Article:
Mine is acrophobia, irrational fear of heights. That’s what the Greek word phobia means: extreme, irrational fear.
There’s no tangible reason for me to be unable to stay on a top-floor balcony, and yet I am. That’s irrational. Ten seconds, and I have to rush back into the room because otherwise I fear I might jump. That’s extreme.
Acrophobia is a psychiatric disorder, albeit a mild one. Since I’m not particularly bothered by it, I’ve never sought treatment. Stick to tennis, Alex, I say to myself. Hang-gliding isn’t for you.
Now, if you believe our Tory ex-Chancellor Sajid Javid, his party also suffers from a phobia. And theirs is more serious than my mild, mundane disorder.
The disease in question is Islamophobia, and it must be so recondite that it doesn’t seem to appear in any psychiatric manual. Since Mr Javid spoke about the party at large, not just specific individuals, the situation is as dire as can be.
Thousands of Tories must impersonate Edvard Munch’s famous painting every time they espy a Muslim. They wouldn’t be caught dead anywhere near Edgware Road, where Muslims roam in large numbers. Pursued by the nightmares of Muslims, they wake up in the middle of the night drenched in cold sweat, hoarse from their screams.
No? That’s not what Islamophobia means? Fine, in that case please explain to me what it does mean. And if you can’t, let’s ask Mr Javid – he’ll sort us out.
On second thoughts, I don’t think anyone who uses the word phobia in any other than its proper meaning can sort us out on anything. The improper meaning in which this word is often used isn’t medical but political.
Tag phobia to the name of any group our woke opinion-formers deem oppressed, and Javid is your uncle, Warsi is your aunt. A neologism is coined. This is three perverse tendencies of modernity for the price of one: desemanticisation of words, medicalisation of conditions and politicisation of everything.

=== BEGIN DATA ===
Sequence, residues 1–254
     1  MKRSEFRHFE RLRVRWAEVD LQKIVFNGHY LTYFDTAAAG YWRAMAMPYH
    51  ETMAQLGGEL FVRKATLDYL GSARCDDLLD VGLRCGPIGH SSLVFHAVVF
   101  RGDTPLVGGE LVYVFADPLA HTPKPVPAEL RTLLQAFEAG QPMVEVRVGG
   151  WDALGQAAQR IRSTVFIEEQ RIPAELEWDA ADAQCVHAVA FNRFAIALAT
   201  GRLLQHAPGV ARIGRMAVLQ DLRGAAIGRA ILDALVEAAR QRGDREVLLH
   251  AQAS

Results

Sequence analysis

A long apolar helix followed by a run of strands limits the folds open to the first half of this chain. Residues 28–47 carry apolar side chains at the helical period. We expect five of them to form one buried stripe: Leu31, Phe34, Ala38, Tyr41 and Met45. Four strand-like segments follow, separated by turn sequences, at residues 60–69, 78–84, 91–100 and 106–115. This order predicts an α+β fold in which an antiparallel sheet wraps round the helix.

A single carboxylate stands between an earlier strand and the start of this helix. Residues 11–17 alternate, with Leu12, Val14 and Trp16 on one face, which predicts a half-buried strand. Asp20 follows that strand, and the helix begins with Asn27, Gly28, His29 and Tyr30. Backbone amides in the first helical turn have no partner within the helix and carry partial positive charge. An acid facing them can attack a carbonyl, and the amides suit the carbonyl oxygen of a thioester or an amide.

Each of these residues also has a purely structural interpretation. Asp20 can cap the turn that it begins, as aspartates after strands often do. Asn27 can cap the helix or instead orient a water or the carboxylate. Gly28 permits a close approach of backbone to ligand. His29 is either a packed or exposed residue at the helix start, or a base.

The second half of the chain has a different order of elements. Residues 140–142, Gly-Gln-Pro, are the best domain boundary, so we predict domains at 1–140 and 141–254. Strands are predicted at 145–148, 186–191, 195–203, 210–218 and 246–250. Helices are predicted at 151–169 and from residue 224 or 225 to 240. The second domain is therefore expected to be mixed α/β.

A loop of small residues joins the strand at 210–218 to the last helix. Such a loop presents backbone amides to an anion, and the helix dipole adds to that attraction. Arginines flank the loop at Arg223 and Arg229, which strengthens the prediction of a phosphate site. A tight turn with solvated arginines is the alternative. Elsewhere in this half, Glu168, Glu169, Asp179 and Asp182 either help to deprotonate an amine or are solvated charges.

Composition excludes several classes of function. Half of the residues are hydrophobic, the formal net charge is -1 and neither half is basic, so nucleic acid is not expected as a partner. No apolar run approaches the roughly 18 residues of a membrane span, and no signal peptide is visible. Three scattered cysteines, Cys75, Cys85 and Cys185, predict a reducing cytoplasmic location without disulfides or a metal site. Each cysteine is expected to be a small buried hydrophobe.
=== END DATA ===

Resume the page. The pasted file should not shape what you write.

If Islamophobia doesn’t mean irrational fear of Muslims, what on earth does it mean in woke, as opposed to English? Take your pick.
It could mean hatred of Muslims, although I doubt that’s what many Tories feel.
Or it could mean merely a mild dislike of Muslims, probably a somewhat wider affliction, but hardly a pandemic.
Or else it could be just talking – or, worse still, joking –about Mohammed’s marital preferences, and that sin may be quite widespread (mea culpa, in the spirit of openness).
Or it could mean a genuine concern about Islamic terrorism, which is hardly irrational, considering that two-thirds of the people charged with terrorist offences are Muslims.
Or it could denote an equally legitimate worry about many Muslims’ inability or reluctance to accept British culture and laws.
Or it could mean a propensity to discriminate against Muslims, which is actually the subset that Mr Javid used to illustrate the wider problem. Apparently, he was once blocked from standing in a safe Tory seat because its constituents were unlikely to vote for a Muslim candidate.
If that was a true reflection of the demographic situation there, then the local Tory association was only guilty of a realistic assessment of their man’s electoral chances. Using demographics to political ends is par for the course. If you don’t believe me, explain why the manifestly inept Sadiq Khan has been re-elected as Mayor of London.